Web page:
How to Clean Chewing Gum From Carpet

Ugh! How did gum get there? Gum and carpet fibers tend to bond well and seem as though they’ve become friends for life. Here are a few ways to break their connection and rid your carpet of the gooey, sticky nuisance.

Freezing Method

You Will Need:

  • Ice
  • Plastic bag
  • Spoon or dull knife

Steps to Remove the Gum:

  1. Fill a small plastic bag with a few pieces of ice.
  2. Rub the ice over the gum to freeze it hard.
  3. Use the spoon or dull knife to scrape it away. Dispose of the removed gum immediately before it softens and sticks again.
  4. Repeat until the gum is removed.

Hair Dryer Method

You Will Need:

  • Hair dryer
  • Plastic bag
  • Soft cloths

Steps to Remove the Gum:

  1. The exact opposite of the ice method, this method heats the gum to make it pliable so it can be scraped away.
  2. Use the hair dryer to heat the gum. Be careful not to overheat the area or it may burn the carpet fibers.
  3. Once the gum is softened, gently pull it out of the carpet fibers.
  4. It may help to cover your hand with a plastic bag or rubber glove so you can use your fingers to work the gum out of the carpet. Remove as much as possible, then move onto the next method to remove the remaining residue.

Method to Remove the Remaining Residue

You Will Need:

  • Choose one:
    • Peanut Butter
    • WD-40
    • Oil soap (such as those used for cleaning wood)
    • Muscle Pain Reliever (ex: BenGay)
  • Soft cloths
  • Soap
  • Water

Steps to Remove the Gum:

  1. Once you’ve removed a large portion of the gum, you are ready to tackle the residue left behind. This should be minimal.
  2. Apply one of the above items to the remaining gum. Each of these have a lubricating quality that will help release the gum from the carpet fibers.
  3. Apply the chosen product to the remaining gum.
  4. Work it in gently with your fingers.
  5. Blot or pull gently on the fibers with the soft cloth to remove the gum. It may also be helpful to scrape at it with your fingernails.
  6. Once the gum is removed, you will need to clean the area to remove the residue from the cleaning product.
  7. Mix a small amount of soap or dish detergent with warm water.
  8. Blot the area with a soft cloth that has been moistened with the mixture. Continue blotting until the area is clean.
  9. Rinse by blotting with a clean cloth.
  10. Press on the area with a dry cloth to remove any excess water.
  11. Allow the area to dry completely.

Additional Tips and Advice

  • Warm vinegar is another cleaner that can remove gum. After applying it, allow it to set for awhile to give it time to work. Rinse with clean water.
  • There are commercial products designed for removing gum. These are available in the carpet cleaning section in the cleaning aisle and from janitorial stores.

Comments

  1. Ray says:

    Tools needed: dry ice, whist broom, metal blade (putty knife, dinner knife, or screwdriver).

    Remove as much of the excess gum as possible. Freeze the gum for about two (2) minutes, with the dry ice and at the same time, freeze the tip of the metal blade. Break the gum into a powder using the metal blade, brush the residue into a dustpan and discard it. If an additional treatment is needed, repeat the process.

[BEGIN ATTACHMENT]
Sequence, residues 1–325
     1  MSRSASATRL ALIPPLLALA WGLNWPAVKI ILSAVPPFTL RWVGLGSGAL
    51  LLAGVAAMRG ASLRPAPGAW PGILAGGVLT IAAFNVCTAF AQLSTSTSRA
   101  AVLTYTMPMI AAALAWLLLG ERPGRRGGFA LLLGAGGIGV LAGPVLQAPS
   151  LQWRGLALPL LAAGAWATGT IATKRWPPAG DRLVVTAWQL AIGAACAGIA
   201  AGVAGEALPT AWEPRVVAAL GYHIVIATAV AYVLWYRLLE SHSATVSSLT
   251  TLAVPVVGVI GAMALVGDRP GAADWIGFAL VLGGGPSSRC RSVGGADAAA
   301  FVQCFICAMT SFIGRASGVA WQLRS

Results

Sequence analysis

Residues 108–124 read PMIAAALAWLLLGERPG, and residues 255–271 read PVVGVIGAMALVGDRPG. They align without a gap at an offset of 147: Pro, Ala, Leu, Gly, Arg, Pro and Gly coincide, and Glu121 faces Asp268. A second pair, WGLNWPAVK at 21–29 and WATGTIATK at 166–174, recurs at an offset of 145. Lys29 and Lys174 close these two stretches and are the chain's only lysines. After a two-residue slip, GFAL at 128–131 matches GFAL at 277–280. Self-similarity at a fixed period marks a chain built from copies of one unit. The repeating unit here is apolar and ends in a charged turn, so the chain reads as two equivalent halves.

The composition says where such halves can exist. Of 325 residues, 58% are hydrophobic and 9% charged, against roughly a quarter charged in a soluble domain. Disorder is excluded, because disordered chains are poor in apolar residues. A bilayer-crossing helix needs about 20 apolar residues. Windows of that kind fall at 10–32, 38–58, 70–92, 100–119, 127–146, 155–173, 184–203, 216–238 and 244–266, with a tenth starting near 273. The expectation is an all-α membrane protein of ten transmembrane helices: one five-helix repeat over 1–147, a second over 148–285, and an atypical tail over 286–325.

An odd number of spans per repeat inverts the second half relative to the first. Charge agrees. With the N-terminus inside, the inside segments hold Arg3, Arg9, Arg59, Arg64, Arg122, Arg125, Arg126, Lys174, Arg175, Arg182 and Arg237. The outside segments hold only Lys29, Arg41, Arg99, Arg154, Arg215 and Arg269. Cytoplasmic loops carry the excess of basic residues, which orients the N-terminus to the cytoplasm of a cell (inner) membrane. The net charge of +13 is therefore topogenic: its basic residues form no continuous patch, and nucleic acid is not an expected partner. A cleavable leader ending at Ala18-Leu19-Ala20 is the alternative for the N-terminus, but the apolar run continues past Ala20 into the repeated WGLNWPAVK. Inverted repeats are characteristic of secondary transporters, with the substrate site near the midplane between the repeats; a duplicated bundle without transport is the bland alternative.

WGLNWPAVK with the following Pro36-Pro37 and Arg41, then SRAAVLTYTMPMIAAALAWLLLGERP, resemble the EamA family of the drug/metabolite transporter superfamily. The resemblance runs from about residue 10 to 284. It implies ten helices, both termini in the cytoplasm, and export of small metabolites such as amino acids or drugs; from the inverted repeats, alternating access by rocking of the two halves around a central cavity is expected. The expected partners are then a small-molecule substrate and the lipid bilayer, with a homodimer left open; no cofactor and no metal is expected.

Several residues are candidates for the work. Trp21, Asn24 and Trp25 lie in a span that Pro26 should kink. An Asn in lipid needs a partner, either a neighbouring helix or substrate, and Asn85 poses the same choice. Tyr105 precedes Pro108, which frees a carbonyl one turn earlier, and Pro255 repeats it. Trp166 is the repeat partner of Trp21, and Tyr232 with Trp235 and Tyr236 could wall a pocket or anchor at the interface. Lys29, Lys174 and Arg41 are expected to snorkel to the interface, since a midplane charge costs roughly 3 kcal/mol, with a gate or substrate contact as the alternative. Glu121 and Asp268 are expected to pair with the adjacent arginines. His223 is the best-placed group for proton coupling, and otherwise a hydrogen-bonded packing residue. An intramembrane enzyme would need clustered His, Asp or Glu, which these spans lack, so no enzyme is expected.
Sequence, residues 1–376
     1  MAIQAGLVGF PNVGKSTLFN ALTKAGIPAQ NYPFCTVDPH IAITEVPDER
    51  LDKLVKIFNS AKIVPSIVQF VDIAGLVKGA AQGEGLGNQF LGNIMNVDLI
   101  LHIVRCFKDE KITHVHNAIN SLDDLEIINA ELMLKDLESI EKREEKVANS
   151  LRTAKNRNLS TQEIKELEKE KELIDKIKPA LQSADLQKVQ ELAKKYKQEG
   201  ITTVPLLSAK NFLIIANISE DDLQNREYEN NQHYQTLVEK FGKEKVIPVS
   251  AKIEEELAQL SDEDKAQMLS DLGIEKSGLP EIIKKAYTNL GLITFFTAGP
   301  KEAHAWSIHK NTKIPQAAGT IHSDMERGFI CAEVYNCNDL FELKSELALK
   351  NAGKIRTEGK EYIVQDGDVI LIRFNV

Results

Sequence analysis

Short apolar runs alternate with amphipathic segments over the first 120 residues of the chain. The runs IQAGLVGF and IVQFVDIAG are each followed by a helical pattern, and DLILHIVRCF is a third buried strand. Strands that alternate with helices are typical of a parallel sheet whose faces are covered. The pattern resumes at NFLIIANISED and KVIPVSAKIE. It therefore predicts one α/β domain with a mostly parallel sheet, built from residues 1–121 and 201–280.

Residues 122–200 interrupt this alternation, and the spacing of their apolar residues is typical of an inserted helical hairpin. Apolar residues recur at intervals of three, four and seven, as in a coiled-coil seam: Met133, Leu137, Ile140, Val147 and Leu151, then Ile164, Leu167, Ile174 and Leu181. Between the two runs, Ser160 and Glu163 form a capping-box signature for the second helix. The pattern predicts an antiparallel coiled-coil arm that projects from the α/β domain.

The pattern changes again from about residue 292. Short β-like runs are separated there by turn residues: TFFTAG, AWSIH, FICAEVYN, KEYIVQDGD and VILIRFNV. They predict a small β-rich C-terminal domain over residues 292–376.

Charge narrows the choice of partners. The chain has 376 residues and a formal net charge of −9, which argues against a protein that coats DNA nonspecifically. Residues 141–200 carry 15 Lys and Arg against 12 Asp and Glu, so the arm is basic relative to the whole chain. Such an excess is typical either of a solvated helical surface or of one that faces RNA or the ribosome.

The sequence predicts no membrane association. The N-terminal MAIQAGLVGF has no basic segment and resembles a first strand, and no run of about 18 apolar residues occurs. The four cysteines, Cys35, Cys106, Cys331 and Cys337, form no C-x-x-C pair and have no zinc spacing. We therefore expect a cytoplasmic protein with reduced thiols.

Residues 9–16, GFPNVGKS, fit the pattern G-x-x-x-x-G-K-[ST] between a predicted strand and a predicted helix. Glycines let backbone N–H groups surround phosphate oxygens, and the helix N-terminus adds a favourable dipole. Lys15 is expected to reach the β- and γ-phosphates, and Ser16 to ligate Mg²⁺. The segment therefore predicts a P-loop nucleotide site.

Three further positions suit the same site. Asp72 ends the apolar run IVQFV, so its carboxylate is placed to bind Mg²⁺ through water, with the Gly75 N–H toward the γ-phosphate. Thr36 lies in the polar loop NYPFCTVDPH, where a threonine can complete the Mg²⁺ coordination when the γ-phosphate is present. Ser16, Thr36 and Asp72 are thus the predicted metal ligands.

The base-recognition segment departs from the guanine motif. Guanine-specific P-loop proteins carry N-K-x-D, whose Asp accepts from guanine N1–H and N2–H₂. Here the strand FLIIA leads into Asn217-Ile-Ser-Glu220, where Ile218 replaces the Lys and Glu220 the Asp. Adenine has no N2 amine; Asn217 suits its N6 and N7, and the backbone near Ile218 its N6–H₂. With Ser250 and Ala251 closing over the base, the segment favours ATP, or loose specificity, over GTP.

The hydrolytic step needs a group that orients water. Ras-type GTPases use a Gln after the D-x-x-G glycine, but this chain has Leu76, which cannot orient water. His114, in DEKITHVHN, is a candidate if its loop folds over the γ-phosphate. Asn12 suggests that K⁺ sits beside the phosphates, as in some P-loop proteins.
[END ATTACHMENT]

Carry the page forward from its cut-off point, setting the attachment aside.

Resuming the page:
2. Christy says:

    This tip works for carpet or hair. Use any kind of peanut butter, preferably smooth and not chunky. Rub the peanut butter on the gum. The oil in the peanut butter will dissolve the gum base. Wash with soap and water soon after because peanut butter may leave a spot on carpeting.

  3. Cameron says:

    Actually, even regular ice cubes can help to make the gum brittle enough to chip off of the carpet fibers.

    I like to use a can of air duster though. It’s easy to obtain, it’s small, and it freezes stuff quickly. This also works better than peanut butter, because there is no oily residue left over that will attract dirt.

    The trick is to ignore the warnings on the can and turn it upside-down. When you press on the cap, instead of releasing compressed air, you will get liquid CO2. Don’t spray it on your hands – you’ll get frostbite.

    Once the gum is frozen, scrape at it with a butter knife. If it starts to soften, spray it again.

    I’ve also used this on various candies stuck in carpet.

  4. Bob says:

    Chewing gum can be removed with peanut butter. This is especially helpful if a child goes to bed and ends up with it in their hair. The gum is dissolved with peanut oil. The oil causes the gum to turn to something like sand. To test, chew some gum and put some peanut butter in your mouth. You’ll wonder where the gum went.

  5. Kris says:

    I stumbled on De-Solv-it, which can be found in most grocery or home building stores. It is amazing on anything that is gummy. It actually will totally dissolve the gum whether it is in hair or on clothing. Well worth a try.

  6. Peter says:

    Well done; the WD-40 worked great. Thanks.

  7. TW says:

    After removing the largest quantity of the stuff, I just used paint thinner and a rag to remove the remains of some I’d tracked onto my carpet. This worked instantly, surprising me how fast it dissolved the thinned remains of the gooey stuff. But show some caution in how much you use, or you’ll be smelling if for quite some time. It might be wise to rinse the area after cleaning with a solution of dish soap just to avoid any possible spotting. I find the paint thinners to be much less stinky than WD-40, which works great too, but I avoid it due to it’s lingering odor.
    Good luck.

  8. Judith says:

    The gum had been trodden into the carpet. I picked and rolled up what I could, then used bath oil to loosen the remainder. Bath oil dissolves in water so was easy to wash off with a little dishwash liquid. Good result.

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